Skip to main content

Southwest Airlines Community

CPR Training Saves Lives


The following blog post from Baltimore Ramp Agent Venus Johnson shows the importance of CPR and first aid training.  


When I initially signed up for CPR and First Aid training, offered by my Employer, Southwest Airlines, it was so I could be prepared to react if an emergency occurs. I secretly hoped I would never have to use these new skills. Little did I know, two days after completing my training, I would encounter an emergency situation where my skills would be put to the test.


On July 7, I stopped at a local gas station. I noticed a man chasing a red pickup truck that was coasting away slowly. Luckily, the man caught the truck and quickly opened the driver's side door, only to expose a man hunched over the steering wheel.


Watching this scene unfold, it immediately occurred to me that this was an emergency situation, so I grabbed my phone and ran toward the scene. As I ran, I tried to slow my brain down and remember what I was taught in my training.


First make sure the scene is safe.

When I ran over, I scanned the scene. I noticed traffic, but fortunately, there was a red light, which gave me the opportunity to run to middle of the street. The man who had run after the truck had already placed the truck in park.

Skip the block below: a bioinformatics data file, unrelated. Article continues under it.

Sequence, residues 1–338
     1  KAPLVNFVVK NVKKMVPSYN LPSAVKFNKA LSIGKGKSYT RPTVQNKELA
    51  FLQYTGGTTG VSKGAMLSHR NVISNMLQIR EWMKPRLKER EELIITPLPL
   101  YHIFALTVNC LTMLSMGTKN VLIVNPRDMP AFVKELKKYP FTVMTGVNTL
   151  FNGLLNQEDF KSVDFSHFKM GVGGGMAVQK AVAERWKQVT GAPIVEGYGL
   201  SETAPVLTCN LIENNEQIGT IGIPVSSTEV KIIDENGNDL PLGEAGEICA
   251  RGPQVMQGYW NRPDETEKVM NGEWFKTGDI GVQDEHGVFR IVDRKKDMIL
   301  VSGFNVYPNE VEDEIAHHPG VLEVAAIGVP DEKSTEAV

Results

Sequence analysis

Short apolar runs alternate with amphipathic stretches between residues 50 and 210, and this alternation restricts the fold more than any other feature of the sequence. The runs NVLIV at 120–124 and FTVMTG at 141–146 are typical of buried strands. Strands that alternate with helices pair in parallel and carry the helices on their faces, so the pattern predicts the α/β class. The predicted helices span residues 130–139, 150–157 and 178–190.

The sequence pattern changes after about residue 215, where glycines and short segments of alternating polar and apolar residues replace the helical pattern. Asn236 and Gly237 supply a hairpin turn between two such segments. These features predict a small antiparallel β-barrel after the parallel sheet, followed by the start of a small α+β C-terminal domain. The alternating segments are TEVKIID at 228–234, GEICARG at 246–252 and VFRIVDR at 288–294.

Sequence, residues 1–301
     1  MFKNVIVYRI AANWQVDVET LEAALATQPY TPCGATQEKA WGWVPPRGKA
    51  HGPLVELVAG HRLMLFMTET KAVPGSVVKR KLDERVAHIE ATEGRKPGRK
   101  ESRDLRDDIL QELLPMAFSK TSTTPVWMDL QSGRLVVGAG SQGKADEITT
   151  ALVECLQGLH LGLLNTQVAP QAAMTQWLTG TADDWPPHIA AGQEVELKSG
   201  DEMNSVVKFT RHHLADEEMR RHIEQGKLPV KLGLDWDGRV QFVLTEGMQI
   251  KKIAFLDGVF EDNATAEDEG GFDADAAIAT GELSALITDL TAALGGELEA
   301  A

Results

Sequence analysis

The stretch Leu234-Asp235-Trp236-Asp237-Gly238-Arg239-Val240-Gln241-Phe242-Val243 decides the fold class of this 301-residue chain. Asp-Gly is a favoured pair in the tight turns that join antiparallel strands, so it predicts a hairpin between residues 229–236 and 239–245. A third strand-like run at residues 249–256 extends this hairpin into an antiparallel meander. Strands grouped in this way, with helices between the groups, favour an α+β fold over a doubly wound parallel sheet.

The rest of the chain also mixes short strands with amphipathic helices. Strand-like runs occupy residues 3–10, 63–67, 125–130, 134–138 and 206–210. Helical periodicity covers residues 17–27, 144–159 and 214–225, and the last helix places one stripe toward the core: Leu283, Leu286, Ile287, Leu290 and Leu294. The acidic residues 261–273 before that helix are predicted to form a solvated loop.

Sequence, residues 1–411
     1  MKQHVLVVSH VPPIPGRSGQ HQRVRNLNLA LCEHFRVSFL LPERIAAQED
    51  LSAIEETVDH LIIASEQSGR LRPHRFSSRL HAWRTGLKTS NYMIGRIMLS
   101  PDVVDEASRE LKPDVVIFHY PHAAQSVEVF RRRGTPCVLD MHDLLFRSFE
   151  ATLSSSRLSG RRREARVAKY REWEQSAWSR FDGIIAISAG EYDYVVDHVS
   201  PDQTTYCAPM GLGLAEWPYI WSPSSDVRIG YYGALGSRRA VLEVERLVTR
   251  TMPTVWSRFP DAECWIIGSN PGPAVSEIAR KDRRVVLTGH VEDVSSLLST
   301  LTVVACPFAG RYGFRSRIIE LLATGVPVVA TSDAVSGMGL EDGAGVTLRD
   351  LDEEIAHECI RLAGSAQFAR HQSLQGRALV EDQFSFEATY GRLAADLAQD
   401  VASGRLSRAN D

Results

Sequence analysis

As I approached the vehicle, I had my first good look at the man in the truck, and got up close enough to tap him and ask if he was ok. It was clear he was not. In fact, he was unresponsive and making a gurgling sound. I called 911 as other concerned bystanders gathered in the middle of the street. I handed my phone to someone else as men moved the man to the ground allowing me to initiate CPR.


In that moment, my training all came rushing back to me. I moved my hand over his chest to find his sternum. “Oh my gosh,” I thought. “Am I really doing this?” The 911 operator stayed on the phone and provided guidance as I initiated chest compressions. I was focused! Referring to what I learned, I knew to keep the compressions at least two inches deep and to perform at least 100 compressions per minute. As the rhythm guide for CPR compression timing, “Stayin’ Alive,” played in my head, I couldn't help but feel empowered by what I was doing.


This man was fighting for his life. I added my own step to my training: prayer. By now, a community of people rallied around this man. From the crowd, someone yelled that they were CPR certified, and a nurse placed her hand on my shoulder to reaffirm that I was doing fine. It was unbelievable that just two days ago I received this critical training from my employer. It was truly fate that I happened to be at the right place at the right time and knew exactly what to do to help this man. What was even more unbelievable to me was that I actually did it. I saw the need and was able to step in and help without hesitation.


The paramedics responded very quickly—only seven minutes later. They worked on him for a bit and were able to get him to respond. I cried tears of joy. Because of my training, I was able to truly affect this man’s life and his chance of survival.


There are no words to explain how thankful I am for the Southwest Airlines Initial First Aid and CPR training. I believe that my actions helped to save this man's life that day, and I know in my heart that every time someone is taught the skills I was, they, too, have the ability to save lives.



1 Comment